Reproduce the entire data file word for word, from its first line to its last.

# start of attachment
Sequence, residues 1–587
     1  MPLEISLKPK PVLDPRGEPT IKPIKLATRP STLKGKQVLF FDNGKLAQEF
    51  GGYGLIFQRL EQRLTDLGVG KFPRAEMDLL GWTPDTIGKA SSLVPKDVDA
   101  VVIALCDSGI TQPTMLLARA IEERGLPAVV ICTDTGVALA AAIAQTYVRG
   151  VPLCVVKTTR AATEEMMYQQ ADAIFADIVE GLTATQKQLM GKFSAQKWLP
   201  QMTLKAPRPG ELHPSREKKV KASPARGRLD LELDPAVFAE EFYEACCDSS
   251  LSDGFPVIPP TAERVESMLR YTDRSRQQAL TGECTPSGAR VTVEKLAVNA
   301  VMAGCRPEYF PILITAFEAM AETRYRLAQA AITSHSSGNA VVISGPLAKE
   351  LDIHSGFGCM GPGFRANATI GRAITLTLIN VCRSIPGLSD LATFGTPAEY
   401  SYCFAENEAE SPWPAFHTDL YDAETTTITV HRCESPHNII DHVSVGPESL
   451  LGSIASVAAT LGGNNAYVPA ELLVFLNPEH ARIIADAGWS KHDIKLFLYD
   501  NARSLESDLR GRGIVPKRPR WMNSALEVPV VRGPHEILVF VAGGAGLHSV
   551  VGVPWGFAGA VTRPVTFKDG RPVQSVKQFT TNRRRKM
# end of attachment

Sequence, residues 1–587
     1  MPLEISLKPK PVLDPRGEPT IKPIKLATRP STLKGKQVLF FDNGKLAQEF
    51  GGYGLIFQRL EQRLTDLGVG KFPRAEMDLL GWTPDTIGKA SSLVPKDVDA
   101  VVIALCDSGI TQPTMLLARA IEERGLPAVV ICTDTGVALA AAIAQTYVRG
   151  VPLCVVKTTR AATEEMMYQQ ADAIFADIVE GLTATQKQLM GKFSAQKWLP
   201  QMTLKAPRPG ELHPSREKKV KASPARGRLD LELDPAVFAE EFYEACCDSS
   251  LSDGFPVIPP TAERVESMLR YTDRSRQQAL TGECTPSGAR VTVEKLAVNA
   301  VMAGCRPEYF PILITAFEAM AETRYRLAQA AITSHSSGNA VVISGPLAKE
   351  LDIHSGFGCM GPGFRANATI GRAITLTLIN VCRSIPGLSD LATFGTPAEY
   401  SYCFAENEAE SPWPAFHTDL YDAETTTITV HRCESPHNII DHVSVGPESL
   451  LGSIASVAAT LGGNNAYVPA ELLVFLNPEH ARIIADAGWS KHDIKLFLYD
   501  NARSLESDLR GRGIVPKRPR WMNSALEVPV VRGPHEILVF VAGGAGLHSV
   551  VGVPWGFAGA VTRPVTFKDG RPVQSVKQFT TNRRRKM